MVFF Spotlights #2: What We Do in the Shadows/Like Sunday, Like Rain/Lucky Stiff/The Boy and the World/Gett: The Trial of Viviane Amsalem

by Chad Liffmann on October 2, 2014

The 37th Mill Valley Film Festival opens tonight, October 2nd, and runs until October 12th. The Festival is screening some of this fall’s most hotly anticipated pictures:  Bennett Miller’s Foxcatcher (starring Steve Carrell) and Morten Tyldum’s Imitation Game (starring Benedict Cumberbatch), and so many more.  But here at Spinning Platters, we thought we’d spotlight some of the lower profile films that risk being overshadowed by the bigger movies.  Full schedule, tickets, and more information are available at: http://mvff.com, and be sure to check back here for more updates during the Fest.

What We Do in the Shadows
(US/New Zealand 2014, 86 min; English)

The whole crew in 'What We Do in the Shadows'

The whole crew in ‘What We Do in the Shadows’

What We Do in the Shadows resembles the result of a casual joke/idea, delivered with enough informality and humor to make it more entertaining than it could’ve been — it’s one of the funniest movies of the year.  The witty writing, from the comedy team behind Eagle vs Shark and The Flight of the Conchords, enables the film to break free from potential one-joke captivity, whereby the story expands the simple premise (vampire housemates) to wonderful subplots and hilarious surprises.  It’s definitely a movie best experienced with an energetic crowd!

Screenings:
– Tuesday, October 7, 7:45pm, Rafael Film Center, San Rafael
– Thursday, October 9, 4:00pm, Rafael Film Center, San Rafael

Like Sunday, Like Rain
(US 2014, 104 min; English)

Leighton Meester and Julian Shatkin in 'Like Sunday, Like Rain'

Leighton Meester and Julian Shatkin in ‘Like Sunday, Like Rain’

Like Sunday, Like Rain centers around a desperate-for-work twenty-something woman (and former musician) who ends up babysitting a precocious child musical prodigy.  It’s an unlikely friendship that could’ve been an interesting focus for a dramedy.  However, the performances are pesky and staged from the start, becoming more annoying rather than endearing as the film labors on (about twenty minutes longer than necessary).  And Deborah Messing and Billie Joe Armstrong seem tossed in purely for marketing purposes.  Nevertheless, it’s easy to see the good intentions, but just as apparent where the intentions fell through.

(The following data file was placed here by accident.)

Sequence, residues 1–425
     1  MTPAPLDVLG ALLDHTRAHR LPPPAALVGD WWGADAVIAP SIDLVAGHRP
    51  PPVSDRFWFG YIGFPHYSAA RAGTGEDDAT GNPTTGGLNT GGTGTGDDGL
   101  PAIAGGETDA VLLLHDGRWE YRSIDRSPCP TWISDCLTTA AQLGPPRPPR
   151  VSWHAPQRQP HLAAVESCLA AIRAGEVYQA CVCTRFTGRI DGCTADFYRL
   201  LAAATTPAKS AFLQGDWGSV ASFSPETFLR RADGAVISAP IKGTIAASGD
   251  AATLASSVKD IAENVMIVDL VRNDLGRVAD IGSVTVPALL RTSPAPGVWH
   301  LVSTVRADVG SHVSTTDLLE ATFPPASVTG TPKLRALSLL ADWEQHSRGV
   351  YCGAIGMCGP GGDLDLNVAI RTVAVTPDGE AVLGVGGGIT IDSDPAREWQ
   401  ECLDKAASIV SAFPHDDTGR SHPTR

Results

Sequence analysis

Screenings:
– Monday, October 6, 7:00pm, Rafael Film Center, San Rafael (with director Frank Whaley, Billie Joe Armstrong, and Leighton Meester)
– Wednesday, October 8, 4:15pm, Rafael Film Center, San Rafael
— Thursday, October 9, 3:45pm, Rafael Film Center, San Rafael

Lucky Stiff
(US 2013, 78 min; English)

Jason Alexander, Dominic Marsh and Kate Shindle in 'Lucky Stiff'

Jason Alexander, Dominic Marsh and Kate Shindle in ‘Lucky Stiff’

Lucky Stiff is plucky, colorful, and neurotic, and yet it’s not the best example of the often dangerous transition from stage-to-screen.  The 1988 off-Broadway stage production was based on the 1983 novel The Man Who Broke the Bank at Monte Carlo by Michael Butterworth.  The plot is a mashup of Weekend at Bernie’s meets It’s A Mad, Mad, Mad, Mad World.  Its low budget animated segues and cartoon insertions are distracting, but the musical numbers are charming enough to keep the movie flowing.  It’s a light but forgetful romp, but some updating would’ve made Lucky Stiff a stronger date movie.

Screenings:
– Wednesday, October 8, 8:15pm, Rafael Film Center, San Rafael
– Friday, October 10, 11:30am, Cinéarts Sequoia Theater, Mill Valley

The Boy and the World (O Menino e o Mundo)
(Brazil 2013, 85 min)

Boy and man in 'The Boy and the World'

Boy and man in ‘The Boy and the World’

The Boy and the World features some of the most inventive and mesmerizingly gorgeous animation I’ve ever seen.  Told almost entirely sans dialogue, the story focuses on a boy who ventures away from his home in search of his father.  Part family-friendly whimsical tale and part socio-political commentary, the film may be a bit too bizarre for youngsters.  However, teens and adults will soak up the film’s strong messages and thoroughly enjoy the intricate environments and groovy Brazilian score.  It’s quite a trip.

Screenings:
– Sunday, October 5, 11:00am, Cinéarts Sequoia Theater, Mill Valley
– Sunday, October 12, 11:15am, Rafael Film Center, San Rafael

Gett: The Trial of Viviane Amsalem
(Israel/France/Germany 2014, 115 min; Hebrew)

Ronit Elkabetz in 'Gett'

Ronit Elkabetz in ‘Gett’

I can’t remember watching a more frustratingly powerful story in quite some time.  Gett is the story of a woman battling to get a divorce from her husband.  While it’s not a true story, one can easily presume that there were a lot of factoids and case studies at play here.  Ronit Elkabetz gives a tour de force performance, meanwhile the basic premise and single location setup in which the entire film takes place get more and more intense, restrictive, and psychologically complex as the court proceedings go on…and on and on.

Screenings:
– Monday, October 6, 7:30pm, Cinéarts Sequoia Theater, Mill Valley
– Wednesday, October 8, 6:00pm, Rafael Film Center, San Rafael

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